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Day: October 23, 2023

Creating Pareto Charts in R with qcc

Steven Sanderson builds a Pareto chart:

A Pareto chart is a type of bar chart that shows the frequency of different categories in a dataset, ordered by frequency from highest to lowest. It is often used to identify the most common problems or causes of a problem, so that resources can be focused on addressing them.

To create a Pareto chart in R, we can use the qcc package. The qcc package provides a number of functions for quality control, including the pareto.chart() function for creating Pareto charts.

Manufacturing companies love Pareto charts

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Several Useful R Functions

Maelle Salmon shows off four useful R functions:

Recently I caught myself using which(grepl(...)),

animals <- c("cat", "bird", "dog", "fish")
which(grepl("i", animals))
#> [1] 2 4

when the simpler alternative is

animals <- c("cat", "bird", "dog", "fish")
grep("i", animals)
#> [1] 2 4

Read on for another example of using grep() instead of grepl(), as well as three other functions you might want to keep in mind. H/T R-Bloggers.

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Exploring Poker Hands in R

Benjamin Smith sorts and deals:

Recently, I have been reading “Mathematical Statistics” by Professor Keith Knight and I noticed a interesting passage he mentions when discussing finite sample spaces:

*In some cases, it may be possible to enumerate all possible outcomes, but in general such enumeration is physically impossible; for example, enumerating all possible 5 card poker hands dealt from a deck of 52 cards would take several months under the most
favourable conditions. * (Knight 2000)

While this quote is taken out of context, with the advent of modern computing this is a task which is definitely possible to do computationally!

Click through to see how you can do this in R, at least for 5-card stud. 5-card draw would have the same number of final combinations, though if you also track intermediary combinations, it would grow rather considerably.

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Microsoft Fabric’s Reflex as Watchdog

Tom Martens brings home a junkyard dog:

Reflex is many things next to one of the workloads of Microsoft Fabric. Before I delve into these things in more detail in later articles (yes, maybe this is the birth of another series of articles), I want to say this: Reflex is cool. It was never that simple to watch your data in your Power BI datasets (and this is only one of the capabilities of Reflex).

Because I need images whenever I try to understand things, I start with a simple image of Reflex: I consider Reflex a watchdog! Reflex is watching something and alarms me or someone else when something happens – a defined condition is met.

Read on for an example of how this works using a real dataset.

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Postgres Performance Tuning via work_mem

Salman Ahmed explains what working memory is in Postgres and the effects of changing the work_mem value:

PostgreSQL, by default, is configured to run everywhere with minimum resource utilization. To achieve maximum performance under specific scenarios, PostgreSQL’s parameters can be tuned to enhance performance. One such parameter that can impact performance in PostgreSQL is work_mem.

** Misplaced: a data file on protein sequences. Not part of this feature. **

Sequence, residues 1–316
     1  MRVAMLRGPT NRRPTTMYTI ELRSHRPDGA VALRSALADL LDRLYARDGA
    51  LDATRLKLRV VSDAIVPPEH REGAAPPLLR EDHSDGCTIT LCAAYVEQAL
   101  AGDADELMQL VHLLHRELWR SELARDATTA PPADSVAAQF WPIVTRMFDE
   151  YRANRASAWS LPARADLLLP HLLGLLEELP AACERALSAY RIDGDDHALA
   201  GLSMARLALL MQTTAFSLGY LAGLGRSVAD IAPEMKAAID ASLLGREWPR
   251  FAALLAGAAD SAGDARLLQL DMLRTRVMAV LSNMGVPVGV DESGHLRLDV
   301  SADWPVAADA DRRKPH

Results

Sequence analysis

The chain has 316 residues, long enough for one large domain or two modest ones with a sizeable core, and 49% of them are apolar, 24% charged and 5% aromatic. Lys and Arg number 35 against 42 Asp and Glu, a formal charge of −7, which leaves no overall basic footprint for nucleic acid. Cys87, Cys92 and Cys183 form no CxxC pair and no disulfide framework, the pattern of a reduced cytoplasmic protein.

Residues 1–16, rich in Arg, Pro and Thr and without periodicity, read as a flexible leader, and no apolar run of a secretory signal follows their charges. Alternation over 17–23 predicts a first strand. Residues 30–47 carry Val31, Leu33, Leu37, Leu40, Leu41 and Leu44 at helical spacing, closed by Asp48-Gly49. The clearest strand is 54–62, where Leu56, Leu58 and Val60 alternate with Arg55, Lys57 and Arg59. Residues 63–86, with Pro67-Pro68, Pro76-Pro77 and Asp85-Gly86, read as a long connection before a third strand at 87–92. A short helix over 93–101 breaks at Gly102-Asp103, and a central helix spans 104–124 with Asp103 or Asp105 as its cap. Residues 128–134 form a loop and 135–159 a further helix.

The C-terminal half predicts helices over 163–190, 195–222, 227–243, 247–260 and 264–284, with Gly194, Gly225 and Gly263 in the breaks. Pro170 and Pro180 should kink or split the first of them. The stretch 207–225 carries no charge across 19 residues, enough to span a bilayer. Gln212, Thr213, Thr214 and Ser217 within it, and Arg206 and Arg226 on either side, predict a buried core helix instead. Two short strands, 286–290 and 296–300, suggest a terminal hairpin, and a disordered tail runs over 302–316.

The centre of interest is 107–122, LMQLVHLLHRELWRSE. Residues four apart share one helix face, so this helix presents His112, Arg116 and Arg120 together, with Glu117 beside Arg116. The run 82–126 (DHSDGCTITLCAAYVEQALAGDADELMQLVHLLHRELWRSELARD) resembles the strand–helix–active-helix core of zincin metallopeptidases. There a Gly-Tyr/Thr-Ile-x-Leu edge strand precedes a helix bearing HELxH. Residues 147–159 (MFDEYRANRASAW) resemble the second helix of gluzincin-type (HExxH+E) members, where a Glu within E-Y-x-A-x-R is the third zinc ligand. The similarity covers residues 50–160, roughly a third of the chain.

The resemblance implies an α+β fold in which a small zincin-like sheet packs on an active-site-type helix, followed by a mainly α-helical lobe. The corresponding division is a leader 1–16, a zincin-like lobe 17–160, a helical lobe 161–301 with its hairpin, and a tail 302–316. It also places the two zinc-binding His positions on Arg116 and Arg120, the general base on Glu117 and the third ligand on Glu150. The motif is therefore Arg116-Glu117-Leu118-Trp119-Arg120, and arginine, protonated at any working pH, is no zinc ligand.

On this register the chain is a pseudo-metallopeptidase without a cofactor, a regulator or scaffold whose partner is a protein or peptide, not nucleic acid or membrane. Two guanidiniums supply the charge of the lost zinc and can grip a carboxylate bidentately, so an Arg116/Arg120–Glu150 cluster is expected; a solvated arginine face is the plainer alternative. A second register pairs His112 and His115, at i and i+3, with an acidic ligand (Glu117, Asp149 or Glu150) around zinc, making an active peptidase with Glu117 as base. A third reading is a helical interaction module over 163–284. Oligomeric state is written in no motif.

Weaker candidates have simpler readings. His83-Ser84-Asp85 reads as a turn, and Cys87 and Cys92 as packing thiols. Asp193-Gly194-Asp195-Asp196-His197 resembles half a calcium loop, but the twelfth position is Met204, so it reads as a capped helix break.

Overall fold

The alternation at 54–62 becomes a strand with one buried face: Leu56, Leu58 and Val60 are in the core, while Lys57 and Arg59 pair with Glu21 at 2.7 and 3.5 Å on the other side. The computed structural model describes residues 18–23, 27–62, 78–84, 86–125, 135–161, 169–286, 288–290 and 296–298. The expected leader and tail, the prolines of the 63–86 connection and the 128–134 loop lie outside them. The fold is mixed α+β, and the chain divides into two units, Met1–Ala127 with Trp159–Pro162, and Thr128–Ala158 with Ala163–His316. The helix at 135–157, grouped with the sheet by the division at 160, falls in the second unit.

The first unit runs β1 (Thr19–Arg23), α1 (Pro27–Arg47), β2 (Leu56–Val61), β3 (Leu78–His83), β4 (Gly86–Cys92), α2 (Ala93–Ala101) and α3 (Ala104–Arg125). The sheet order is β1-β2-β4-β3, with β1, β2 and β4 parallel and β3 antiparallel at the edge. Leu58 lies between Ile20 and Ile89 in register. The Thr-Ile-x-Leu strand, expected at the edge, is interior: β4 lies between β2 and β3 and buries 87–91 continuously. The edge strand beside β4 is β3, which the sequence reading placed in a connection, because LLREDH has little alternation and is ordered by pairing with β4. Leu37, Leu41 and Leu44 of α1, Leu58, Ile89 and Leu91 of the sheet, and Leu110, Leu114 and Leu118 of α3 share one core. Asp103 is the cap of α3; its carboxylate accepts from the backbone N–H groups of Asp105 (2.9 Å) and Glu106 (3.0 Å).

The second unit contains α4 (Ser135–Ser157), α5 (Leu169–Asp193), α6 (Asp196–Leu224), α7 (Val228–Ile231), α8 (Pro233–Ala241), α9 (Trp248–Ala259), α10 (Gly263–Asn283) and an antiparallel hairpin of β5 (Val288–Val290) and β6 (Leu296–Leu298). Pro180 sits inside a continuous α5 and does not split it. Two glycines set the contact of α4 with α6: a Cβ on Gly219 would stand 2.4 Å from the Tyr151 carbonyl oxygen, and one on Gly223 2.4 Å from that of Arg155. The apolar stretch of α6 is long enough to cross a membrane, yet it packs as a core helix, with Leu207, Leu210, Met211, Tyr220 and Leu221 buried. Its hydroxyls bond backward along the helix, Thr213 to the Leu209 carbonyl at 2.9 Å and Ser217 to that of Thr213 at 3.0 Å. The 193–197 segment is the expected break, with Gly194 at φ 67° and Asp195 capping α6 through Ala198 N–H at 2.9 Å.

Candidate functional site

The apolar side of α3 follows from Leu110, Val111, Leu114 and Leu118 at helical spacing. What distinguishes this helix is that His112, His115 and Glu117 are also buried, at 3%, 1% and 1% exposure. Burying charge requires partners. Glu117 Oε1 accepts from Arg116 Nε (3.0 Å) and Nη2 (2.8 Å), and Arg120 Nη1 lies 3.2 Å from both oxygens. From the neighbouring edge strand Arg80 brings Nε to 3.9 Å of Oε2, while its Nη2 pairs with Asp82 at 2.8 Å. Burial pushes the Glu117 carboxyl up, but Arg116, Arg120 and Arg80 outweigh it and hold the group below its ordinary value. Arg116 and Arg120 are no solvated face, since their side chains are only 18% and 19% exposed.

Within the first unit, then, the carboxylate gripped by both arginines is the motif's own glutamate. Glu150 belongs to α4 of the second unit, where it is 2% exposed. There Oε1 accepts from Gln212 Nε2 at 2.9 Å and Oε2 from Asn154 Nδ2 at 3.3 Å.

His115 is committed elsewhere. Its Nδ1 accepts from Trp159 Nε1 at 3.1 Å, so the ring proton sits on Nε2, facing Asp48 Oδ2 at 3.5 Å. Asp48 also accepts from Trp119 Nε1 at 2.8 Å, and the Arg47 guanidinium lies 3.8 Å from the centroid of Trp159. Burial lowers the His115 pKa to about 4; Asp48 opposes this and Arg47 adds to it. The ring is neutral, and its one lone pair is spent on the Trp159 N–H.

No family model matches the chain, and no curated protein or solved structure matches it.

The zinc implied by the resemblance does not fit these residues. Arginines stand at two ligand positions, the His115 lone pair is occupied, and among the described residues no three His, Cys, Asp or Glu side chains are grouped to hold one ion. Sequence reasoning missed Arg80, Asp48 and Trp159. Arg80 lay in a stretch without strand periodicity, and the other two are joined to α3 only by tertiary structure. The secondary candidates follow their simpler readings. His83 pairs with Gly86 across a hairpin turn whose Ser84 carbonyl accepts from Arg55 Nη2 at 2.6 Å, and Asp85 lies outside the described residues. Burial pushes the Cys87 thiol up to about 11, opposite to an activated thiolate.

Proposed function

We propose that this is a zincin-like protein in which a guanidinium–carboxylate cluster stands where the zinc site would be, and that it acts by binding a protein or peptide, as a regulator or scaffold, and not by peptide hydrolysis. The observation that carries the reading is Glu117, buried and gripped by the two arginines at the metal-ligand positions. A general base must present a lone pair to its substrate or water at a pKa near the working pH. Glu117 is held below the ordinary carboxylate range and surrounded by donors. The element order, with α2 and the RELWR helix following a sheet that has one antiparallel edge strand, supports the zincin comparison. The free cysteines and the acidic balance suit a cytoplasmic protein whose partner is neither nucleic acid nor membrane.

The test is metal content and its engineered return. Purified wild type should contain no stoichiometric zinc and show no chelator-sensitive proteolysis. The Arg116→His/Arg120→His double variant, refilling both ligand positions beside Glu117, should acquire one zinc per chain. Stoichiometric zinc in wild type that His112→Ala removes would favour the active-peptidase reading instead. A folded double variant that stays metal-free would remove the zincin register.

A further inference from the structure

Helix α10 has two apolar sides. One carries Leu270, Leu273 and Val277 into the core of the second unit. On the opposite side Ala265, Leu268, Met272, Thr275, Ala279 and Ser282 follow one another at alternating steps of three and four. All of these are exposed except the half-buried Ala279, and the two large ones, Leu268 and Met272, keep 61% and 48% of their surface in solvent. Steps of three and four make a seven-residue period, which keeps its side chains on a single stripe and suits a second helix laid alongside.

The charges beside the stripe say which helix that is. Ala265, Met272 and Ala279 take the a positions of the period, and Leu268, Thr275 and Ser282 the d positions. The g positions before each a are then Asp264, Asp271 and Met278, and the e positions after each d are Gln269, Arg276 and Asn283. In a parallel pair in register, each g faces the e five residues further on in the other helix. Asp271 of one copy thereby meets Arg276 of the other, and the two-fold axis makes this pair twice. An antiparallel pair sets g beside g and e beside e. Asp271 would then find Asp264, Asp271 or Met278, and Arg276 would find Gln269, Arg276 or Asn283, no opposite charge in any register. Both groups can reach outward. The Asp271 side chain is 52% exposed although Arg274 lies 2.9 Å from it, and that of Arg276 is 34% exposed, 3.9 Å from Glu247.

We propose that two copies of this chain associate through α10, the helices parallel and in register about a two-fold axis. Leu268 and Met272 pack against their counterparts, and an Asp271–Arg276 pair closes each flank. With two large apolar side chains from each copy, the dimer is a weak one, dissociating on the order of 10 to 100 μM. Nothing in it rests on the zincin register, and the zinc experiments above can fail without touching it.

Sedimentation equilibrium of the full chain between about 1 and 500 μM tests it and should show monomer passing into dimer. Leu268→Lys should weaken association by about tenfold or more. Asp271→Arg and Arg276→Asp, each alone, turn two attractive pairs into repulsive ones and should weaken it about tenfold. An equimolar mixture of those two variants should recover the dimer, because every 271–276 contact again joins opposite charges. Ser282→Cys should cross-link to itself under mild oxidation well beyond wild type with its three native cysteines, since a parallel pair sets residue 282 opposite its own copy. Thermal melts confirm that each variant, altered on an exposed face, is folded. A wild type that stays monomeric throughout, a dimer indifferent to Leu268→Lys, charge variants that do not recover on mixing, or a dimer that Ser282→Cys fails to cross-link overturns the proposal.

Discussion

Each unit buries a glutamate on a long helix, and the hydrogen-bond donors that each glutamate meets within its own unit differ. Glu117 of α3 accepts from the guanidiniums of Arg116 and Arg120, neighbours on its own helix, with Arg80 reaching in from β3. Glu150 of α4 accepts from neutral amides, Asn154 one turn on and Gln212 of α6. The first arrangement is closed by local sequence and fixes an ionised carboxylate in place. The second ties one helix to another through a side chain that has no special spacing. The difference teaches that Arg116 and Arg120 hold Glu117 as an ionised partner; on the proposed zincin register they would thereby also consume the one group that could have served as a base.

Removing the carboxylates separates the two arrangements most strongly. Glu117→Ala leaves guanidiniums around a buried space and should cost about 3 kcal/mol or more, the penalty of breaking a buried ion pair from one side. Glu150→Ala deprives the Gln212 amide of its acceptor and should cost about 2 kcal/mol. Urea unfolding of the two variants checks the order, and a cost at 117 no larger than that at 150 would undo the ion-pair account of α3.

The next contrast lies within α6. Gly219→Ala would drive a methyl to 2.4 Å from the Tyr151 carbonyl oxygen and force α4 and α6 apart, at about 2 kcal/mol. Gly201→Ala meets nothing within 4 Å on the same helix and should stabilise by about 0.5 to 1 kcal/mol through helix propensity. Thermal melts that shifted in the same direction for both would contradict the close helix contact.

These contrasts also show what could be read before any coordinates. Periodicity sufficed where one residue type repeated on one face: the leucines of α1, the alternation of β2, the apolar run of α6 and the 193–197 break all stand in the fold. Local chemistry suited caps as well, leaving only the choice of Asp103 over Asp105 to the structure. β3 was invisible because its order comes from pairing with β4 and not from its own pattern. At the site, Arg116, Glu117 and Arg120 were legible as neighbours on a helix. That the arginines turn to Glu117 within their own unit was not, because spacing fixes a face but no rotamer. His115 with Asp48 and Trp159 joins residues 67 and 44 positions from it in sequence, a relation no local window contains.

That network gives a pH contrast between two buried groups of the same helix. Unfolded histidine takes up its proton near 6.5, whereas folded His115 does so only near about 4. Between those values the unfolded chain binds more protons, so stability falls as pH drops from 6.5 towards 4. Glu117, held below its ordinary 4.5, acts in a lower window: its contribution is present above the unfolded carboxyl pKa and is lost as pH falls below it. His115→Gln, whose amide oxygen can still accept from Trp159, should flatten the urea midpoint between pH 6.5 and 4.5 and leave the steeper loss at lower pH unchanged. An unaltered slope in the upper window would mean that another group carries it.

In this blog we will discuss how work_mem can be used to optimize performance in PostgreSQL.

Click through for that discussion.

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Debugging SQLPackage Issues in Powershell

Jose Manuel Jurado Diaz simplifies SQLPackage output:

Handling massive SQLPackage diagnostic logs, like those spanning over 4 million rows, can be an overwhelming task when troubleshooting support cases. This article introduces a PowerShell script designed to efficiently parse through SQLPackage diagnostic logs, extract error messages, and save them to a separate file, thus simplifying the review process and enhancing the debugging experience.

Click through for a Powershell script that can help.

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Building Diagrams in Mermaid

Michael Bourgon tries out Mermaid:

Just found out about this the past month. 

I like diagrams for my documentation, and I detest making it. I also would like to build it via script, since that’s more useful.

I used Mermaid to create a series of architectural diagrams a couple years back. It was a reasonably good experience, although you have to keep in mind that you don’t get pixel-perfect designs and certain concepts can be difficult to represent. Even so, it’s quite alright for straightforward diagrams and includes support for icon sets for a variety of cloud and on-premises environments.

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Caching: In-Database and External

Adron Hall talks caches:

All aboard the Data Express! Let’s imagine our database as this massive train station. The trains are packed with information – from passengers’ details to the schedules. Every time you want to know when the next train to DevOps Land is, you have to ask the station master (the database). If too many folks keep asking the same question, the station master will get tired, slowing down the whole operation. So, what do we do? Enter: Caching!

Read on for different caching mechanisms in several major relational databases, various reasons for external caches (like Redis and memcached) to exist, and four patterns for external caching. I’ve found that database people tend not to care much about external caches, leaving that to application developers. But there can be good reasons to store high-read, low-write data in caches, reducing some of the strain on those expensive database servers.

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